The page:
What Time Is It?

Posted on March 8, 2007
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wrist-watch.jpg On a recent Sunday morning, I glanced down at my watch to see what time it was.  There was nothing unusual about that action; most of us do it dozens of times each day.  This time though, I was in church, of all places; I wasn’t in a hurry and the service had just begun.  As I thought about why I had looked at my watch I wondered why I was so preoccupied by time? And why are we (as a culture) so obsessed with time that we strap clocks to our arms?  Is it because we have so much of it or is it because we have so little time? 

Do you know what time it is?  You might know the date, day, hour, and minute, but where does any point in time fit into your lifespan?  Everyone knows that his or her life will last for a certain amount of time, but no one knows just how long that will be.  Whether it is a horrendous act of violence as seen at Columbine High School, a fatal accident, or the diagnosis is cancer, our time is often not what we expect it will be.  Whether you are young enough to have never been touched by these types of circumstances or old enough to realize that they are inevitable, maybe we really don’t know what time it is.

When a person dies at a young age, it is called a tragedy.  But the real tragedy is not in how long or short a person lives; it is when the time that is available to a person is wasted.  I am not talking about efficiency and using every second productively, but I am referring to living well and investing your life well.  I can’t imagine anything worse than looking back on life with the feeling that my time (life) had been misspent.  It seems to me that one of the most difficult things about going to prison must be the feeling that time in the past has been misspent and that the time in prison would be wasted.  Maybe that is why prison is often times a place where people begin to see what is truly important in life.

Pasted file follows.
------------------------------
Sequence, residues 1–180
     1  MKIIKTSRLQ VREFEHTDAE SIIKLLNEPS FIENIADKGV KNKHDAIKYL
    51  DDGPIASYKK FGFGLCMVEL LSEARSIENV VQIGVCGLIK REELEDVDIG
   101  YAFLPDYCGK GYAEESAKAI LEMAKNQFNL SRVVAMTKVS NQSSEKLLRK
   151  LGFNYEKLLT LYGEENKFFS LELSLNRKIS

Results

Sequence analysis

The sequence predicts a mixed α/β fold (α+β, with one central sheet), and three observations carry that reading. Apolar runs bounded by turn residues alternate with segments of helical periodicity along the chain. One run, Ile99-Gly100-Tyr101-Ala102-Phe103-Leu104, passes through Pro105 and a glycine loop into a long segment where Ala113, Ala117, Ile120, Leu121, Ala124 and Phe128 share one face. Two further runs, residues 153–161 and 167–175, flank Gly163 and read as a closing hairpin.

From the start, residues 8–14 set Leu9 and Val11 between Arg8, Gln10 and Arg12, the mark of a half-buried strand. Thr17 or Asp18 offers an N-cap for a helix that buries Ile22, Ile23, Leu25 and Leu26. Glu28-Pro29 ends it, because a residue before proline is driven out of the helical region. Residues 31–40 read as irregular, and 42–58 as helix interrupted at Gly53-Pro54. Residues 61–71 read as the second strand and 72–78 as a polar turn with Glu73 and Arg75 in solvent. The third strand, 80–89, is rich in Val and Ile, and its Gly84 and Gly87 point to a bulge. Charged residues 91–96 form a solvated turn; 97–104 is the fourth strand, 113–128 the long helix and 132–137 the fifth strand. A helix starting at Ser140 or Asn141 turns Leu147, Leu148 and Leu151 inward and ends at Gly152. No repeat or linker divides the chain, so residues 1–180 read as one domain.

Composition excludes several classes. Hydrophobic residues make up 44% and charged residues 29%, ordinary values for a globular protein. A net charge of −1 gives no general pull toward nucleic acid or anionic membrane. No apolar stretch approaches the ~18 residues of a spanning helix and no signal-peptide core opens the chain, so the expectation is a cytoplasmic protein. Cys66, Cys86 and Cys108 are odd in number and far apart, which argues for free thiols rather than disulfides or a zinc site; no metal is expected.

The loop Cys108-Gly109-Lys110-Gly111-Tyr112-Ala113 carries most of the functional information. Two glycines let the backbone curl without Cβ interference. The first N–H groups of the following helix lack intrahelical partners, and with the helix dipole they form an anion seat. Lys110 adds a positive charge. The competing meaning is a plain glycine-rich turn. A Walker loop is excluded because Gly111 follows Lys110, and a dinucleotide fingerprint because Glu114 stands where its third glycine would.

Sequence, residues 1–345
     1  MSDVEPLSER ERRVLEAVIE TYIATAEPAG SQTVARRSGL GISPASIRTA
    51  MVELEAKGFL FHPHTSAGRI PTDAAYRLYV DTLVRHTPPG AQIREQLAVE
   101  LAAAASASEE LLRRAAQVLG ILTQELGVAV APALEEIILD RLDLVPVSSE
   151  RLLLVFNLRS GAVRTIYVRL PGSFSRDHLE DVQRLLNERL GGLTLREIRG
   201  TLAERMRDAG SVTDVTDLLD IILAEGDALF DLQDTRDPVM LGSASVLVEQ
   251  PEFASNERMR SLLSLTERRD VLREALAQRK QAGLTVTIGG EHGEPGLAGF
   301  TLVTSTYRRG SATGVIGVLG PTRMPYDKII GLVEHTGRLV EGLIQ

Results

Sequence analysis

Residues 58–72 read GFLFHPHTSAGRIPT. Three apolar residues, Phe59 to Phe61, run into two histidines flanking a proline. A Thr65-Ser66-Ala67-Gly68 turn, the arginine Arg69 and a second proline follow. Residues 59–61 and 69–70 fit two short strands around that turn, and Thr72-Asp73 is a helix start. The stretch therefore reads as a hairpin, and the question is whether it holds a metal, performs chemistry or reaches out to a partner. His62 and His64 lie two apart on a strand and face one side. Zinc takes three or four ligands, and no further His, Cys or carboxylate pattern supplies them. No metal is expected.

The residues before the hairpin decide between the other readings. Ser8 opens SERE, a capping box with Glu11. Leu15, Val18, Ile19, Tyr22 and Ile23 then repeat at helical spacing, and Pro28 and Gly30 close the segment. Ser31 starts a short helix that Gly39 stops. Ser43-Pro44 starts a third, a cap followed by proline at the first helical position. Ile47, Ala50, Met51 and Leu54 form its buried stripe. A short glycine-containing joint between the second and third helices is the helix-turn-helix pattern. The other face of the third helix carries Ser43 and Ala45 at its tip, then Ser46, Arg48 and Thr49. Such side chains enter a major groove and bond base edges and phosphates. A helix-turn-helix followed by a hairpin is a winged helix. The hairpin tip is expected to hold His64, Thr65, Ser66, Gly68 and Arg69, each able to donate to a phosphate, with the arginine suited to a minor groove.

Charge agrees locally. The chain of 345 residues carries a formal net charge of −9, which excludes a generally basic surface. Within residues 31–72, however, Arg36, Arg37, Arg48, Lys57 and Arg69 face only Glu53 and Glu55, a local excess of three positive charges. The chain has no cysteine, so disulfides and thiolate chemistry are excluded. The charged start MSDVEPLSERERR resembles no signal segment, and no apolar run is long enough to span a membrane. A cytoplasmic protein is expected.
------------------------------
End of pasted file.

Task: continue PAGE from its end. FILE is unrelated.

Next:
Ultimately, the question “what time is it?” is a spiritual question because it has to do with the best ways to invest a life.  The answer to that question may be different from person to person, but it is important to remember who will determine if your time was well spent.  If there is a God who created us and has entrusted a certain amount of time to us, He will have the final say. 

In life we never really know what time it is, until it is over.  In that case it makes sense to make the most of the time that we have. A wise person has said that we should plan for tomorrow, but live for today.  Jesus Christ said it this way, “… do not worry about tomorrow, for tomorrow will worry about itself.  Each day has enough trouble of its own.”  Paul, the Greek scholar who penned many of the letters in the Bible, wrote this, “… be careful how you walk … making the most of your time…”  The concept that he was referring to was not so much the wise use of hours and minutes, but of opportunities.  That would seem to involve giving thoughtful attention to what is important in life and navigating each day by using those bearings.  What time is it?  It is time to take advantage of today. 


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